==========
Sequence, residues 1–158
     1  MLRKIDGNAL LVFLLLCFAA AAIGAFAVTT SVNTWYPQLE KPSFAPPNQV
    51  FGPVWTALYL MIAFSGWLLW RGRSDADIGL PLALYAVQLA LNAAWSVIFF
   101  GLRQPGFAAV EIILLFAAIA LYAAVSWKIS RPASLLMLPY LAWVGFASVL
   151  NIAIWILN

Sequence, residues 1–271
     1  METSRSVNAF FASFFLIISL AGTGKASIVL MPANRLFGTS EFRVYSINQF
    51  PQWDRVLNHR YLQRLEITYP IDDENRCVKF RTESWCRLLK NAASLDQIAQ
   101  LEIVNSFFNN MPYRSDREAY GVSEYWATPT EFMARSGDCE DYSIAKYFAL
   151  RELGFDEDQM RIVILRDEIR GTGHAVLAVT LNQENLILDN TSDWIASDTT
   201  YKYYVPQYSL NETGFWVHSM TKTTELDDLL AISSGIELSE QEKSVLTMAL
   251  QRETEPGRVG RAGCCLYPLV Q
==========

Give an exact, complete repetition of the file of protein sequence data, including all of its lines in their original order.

Sequence, residues 1–158
     1  MLRKIDGNAL LVFLLLCFAA AAIGAFAVTT SVNTWYPQLE KPSFAPPNQV
    51  FGPVWTALYL MIAFSGWLLW RGRSDADIGL PLALYAVQLA LNAAWSVIFF
   101  GLRQPGFAAV EIILLFAAIA LYAAVSWKIS RPASLLMLPY LAWVGFASVL
   151  NIAIWILN

Sequence, residues 1–271
     1  METSRSVNAF FASFFLIISL AGTGKASIVL MPANRLFGTS EFRVYSINQF
    51  PQWDRVLNHR YLQRLEITYP IDDENRCVKF RTESWCRLLK NAASLDQIAQ
   101  LEIVNSFFNN MPYRSDREAY GVSEYWATPT EFMARSGDCE DYSIAKYFAL
   151  RELGFDEDQM RIVILRDEIR GTGHAVLAVT LNQENLILDN TSDWIASDTT
   201  YKYYVPQYSL NETGFWVHSM TKTTELDDLL AISSGIELSE QEKSVLTMAL
   251  QRETEPGRVG RAGCCLYPLV Q